NPM uses a built-in packet analyzer to capture data from sensors installed on managed Windows devices across a network. Since the tool only collects relevant metadata, it uses minimal bandwidth on Orion servers and nodes. NPM then turns this metadata into readable metrics, automatically updating this information to provide an accurate, evolving picture of on-premises, hybrid, and cloud services. Additionally, admins can use NPM to monitor logical components within a software-defined network (SDN) environment. 

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Gain access to an intuitive, centralized dashboard

Gain access to an intuitive, centralized dashboard

Network Performance Monitor provides an organized, user-friendly interface for managing packet analysis data. NPM makes it easy to drill down into individual devices or applications to access additional details with the ability to filter and provision items in groups or batches as well as set thresholds for color-coded insights and alerts.

Admins can also use the visual charts and graphs in SolarWinds NPM to quickly access an overview of current QoE status or to filter packet analysis findings to report on results. Use the default categorizations or customize charts and graphs to classify, display, and prioritize the metrics most relevant to your network management traffic.

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Get More on Packet Analyzer
Do you find yourself asking…
  • What is the purpose of packet capture analysis?
  • How does a packet analyzer work?
  • Why is network packet analysis important?
  • How does packet analysis in NPM work?
  • What other network tool features does NPM have?
  • What is the purpose of packet capture analysis?

    Admins use packet capture analysis, also known as deep packet inspection or network sniffing, to assemble an accurate overview of network health based on packet-level insights. This granular level of detail offers a realistic picture of the network’s current state. Capturing and analyzing packets yields statistics about network health, traffic flows, and bandwidth usage. Viewing updates on network traffic types and volume reveals how the network is currently being used and allows for capacity planning. Packet analyzers are also valuable for diagnosing network issues, checking configurations, and resolving slowdowns, as this level of analysis can reveal exactly when and where performance issues occur. Additionally, admins can use packet capture analysis to note spikes in traffic or unusual activity that could signal a security issue.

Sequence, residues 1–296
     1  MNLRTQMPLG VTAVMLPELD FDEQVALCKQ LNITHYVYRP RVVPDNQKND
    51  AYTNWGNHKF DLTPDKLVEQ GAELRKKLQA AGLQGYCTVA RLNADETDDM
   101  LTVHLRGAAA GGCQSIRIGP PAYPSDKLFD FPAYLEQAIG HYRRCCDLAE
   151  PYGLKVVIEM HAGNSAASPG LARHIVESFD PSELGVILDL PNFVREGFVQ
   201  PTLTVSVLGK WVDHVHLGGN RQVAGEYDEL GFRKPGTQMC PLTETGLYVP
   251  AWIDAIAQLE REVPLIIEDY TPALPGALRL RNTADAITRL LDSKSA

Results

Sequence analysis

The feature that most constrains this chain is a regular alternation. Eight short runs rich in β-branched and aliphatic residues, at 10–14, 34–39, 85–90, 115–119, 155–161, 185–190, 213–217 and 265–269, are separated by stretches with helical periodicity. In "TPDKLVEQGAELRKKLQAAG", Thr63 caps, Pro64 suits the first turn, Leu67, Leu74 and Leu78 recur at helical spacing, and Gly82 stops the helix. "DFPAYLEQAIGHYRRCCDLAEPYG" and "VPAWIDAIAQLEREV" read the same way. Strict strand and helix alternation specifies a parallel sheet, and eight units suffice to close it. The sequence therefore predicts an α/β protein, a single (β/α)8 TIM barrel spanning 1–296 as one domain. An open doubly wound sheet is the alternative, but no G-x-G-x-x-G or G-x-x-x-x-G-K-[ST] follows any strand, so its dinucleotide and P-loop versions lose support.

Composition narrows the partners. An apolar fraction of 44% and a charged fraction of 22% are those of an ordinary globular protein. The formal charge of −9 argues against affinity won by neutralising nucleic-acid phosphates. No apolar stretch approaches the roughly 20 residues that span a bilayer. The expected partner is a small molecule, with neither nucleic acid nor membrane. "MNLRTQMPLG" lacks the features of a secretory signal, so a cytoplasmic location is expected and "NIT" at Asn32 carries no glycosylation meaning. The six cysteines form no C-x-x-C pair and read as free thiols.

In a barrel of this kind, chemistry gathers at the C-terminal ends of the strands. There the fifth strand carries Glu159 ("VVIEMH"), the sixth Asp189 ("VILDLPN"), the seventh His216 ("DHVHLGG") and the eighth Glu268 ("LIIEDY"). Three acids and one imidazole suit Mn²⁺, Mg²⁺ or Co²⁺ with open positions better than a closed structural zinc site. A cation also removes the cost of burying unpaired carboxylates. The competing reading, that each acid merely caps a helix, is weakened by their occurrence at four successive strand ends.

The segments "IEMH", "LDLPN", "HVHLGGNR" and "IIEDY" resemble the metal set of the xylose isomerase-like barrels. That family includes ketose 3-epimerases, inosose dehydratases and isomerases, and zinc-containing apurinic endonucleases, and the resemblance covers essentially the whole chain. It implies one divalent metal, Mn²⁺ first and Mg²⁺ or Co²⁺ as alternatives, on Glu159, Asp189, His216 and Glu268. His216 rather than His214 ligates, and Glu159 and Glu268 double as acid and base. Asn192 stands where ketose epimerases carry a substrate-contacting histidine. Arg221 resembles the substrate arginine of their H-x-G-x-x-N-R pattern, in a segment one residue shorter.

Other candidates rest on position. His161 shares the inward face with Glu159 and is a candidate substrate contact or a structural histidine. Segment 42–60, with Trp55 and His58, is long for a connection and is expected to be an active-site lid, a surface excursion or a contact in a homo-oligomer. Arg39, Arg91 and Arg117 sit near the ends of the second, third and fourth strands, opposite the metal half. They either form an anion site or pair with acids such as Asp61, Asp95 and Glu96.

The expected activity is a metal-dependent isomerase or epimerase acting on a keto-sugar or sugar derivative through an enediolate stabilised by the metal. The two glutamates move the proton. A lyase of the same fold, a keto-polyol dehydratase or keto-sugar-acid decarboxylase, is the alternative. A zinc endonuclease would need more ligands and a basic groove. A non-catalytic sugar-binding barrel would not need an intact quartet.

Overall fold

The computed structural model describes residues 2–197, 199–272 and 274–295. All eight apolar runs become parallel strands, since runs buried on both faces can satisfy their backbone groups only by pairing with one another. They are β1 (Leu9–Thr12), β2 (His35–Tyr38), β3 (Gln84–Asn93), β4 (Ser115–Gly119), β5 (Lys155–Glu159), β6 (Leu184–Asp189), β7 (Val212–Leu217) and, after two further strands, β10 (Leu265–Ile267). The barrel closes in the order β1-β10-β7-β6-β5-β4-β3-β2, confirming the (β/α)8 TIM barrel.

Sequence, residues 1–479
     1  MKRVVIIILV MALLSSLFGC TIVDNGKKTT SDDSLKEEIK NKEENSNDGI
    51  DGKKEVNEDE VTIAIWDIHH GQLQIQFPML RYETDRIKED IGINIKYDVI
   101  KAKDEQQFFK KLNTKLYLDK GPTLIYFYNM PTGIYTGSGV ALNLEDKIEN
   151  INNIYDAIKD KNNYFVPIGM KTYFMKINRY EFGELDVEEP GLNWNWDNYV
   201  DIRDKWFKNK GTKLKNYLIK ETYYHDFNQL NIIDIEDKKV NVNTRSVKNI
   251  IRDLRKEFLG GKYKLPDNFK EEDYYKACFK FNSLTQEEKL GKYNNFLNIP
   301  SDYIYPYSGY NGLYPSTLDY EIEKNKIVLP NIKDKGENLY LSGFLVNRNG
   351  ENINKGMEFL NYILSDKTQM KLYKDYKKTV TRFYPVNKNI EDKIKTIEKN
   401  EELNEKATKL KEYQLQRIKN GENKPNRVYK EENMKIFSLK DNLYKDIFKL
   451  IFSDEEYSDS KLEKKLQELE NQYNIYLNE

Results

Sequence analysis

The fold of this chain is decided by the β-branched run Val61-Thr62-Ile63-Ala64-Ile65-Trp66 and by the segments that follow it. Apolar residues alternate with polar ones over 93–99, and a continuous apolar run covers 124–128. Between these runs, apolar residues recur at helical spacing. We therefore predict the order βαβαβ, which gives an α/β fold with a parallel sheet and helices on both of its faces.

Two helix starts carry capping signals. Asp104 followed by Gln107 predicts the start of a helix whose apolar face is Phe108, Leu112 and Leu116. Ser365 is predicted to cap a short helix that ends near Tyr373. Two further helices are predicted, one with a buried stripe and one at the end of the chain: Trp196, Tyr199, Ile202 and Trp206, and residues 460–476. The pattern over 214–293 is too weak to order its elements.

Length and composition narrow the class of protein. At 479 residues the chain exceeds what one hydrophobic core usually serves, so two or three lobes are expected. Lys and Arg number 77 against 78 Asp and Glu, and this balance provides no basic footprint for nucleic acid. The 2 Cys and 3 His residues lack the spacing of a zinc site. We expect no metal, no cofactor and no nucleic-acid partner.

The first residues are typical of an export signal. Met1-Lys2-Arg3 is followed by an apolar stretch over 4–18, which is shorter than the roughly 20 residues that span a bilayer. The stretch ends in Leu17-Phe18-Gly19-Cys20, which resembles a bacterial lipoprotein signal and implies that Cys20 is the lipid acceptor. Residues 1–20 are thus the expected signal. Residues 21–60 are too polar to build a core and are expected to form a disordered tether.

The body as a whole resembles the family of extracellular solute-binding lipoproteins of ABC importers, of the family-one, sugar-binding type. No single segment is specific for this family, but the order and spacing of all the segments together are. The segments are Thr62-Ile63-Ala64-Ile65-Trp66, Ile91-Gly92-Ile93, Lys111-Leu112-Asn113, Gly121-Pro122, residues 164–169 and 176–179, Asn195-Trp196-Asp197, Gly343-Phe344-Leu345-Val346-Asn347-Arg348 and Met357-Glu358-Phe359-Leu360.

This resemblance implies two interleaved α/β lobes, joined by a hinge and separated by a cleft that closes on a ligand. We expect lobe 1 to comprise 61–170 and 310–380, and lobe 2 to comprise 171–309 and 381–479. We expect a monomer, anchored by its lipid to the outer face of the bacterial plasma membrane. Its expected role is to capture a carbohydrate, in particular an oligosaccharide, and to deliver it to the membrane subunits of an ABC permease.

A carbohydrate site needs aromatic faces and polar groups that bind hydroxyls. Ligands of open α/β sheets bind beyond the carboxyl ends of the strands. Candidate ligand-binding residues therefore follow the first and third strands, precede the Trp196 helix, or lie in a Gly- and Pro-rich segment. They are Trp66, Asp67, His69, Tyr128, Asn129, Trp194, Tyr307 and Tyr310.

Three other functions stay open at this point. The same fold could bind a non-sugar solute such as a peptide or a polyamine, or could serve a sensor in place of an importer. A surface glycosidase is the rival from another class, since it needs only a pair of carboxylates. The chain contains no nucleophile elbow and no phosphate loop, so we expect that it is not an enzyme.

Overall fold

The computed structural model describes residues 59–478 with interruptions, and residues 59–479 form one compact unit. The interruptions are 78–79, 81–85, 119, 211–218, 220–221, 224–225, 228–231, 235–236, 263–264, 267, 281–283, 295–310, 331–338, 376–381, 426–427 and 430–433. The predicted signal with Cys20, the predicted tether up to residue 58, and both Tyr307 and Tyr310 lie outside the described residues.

When performed by an admin, this process can reveal information to facilitate precise troubleshooting. However, packet sniffing is also sometimes performed by hackers, who capture packets to steal or “eavesdrop” on sensitive information in transit, including usernames and passwords, email contents, and other private data. 

     

  • How does a packet analyzer work?

    A packet analyzer intercepts network traffic and captures the in-transit data packets. Essentially, it can see all the information passing over the network by looking at each packet. A packet is simply a message split into its smallest possible parts to travel across a network. It’s broken down when sent and reassembled at the receiver node. 

    In general, a data packet is sent over a network with a header specifying its destination. Normally, only the intended recipient will read the packet. However, a packet analyzer doesn’t focus only on packets addressed to it — it looks at all the traffic to which it is given access. A packet scanner can capture all packets if set to perform unfiltered analysis, or it can filter to only capture only packets containing specific elements. 

    Packet analyzer software uses two common types of access methods to capture packets. The first is the test access point (TAP) method. A TAP is a hardware tool enabling network monitoring by transmitting “send” and “receive” packets on separate channels to the same device, ensuring simultaneous delivery. This method requires a physical device and connection, which can be costly. The second method is port mirroring, or switch port for analysis (SPAN). This method sends a copy of all network packets on one port to another port, where they’re subsequently analyzed. This method doesn’t affect the destination host’s connection. SPAN ports are part of Layer 2 and 3 network switches and require admin configuration during setup. 

    In some cases, packet capture analysis includes the full payload of the packet, tracking data like usernames, sites visited, applications used, and detailed contents of activities. However, effective packet analysis can also just capture the header and transaction information, collecting metadata for performance troubleshooting. For instance, by tracking and logging response time for packets sent between clients and servers, an analyzer can provide metadata about network and application traffic. Many packet analyzer tools then translate this information into a user-friendly form so admins can easily view and compare key network metrics like resource utilization and bandwidth usage. 

     

  • Why is network packet analysis important?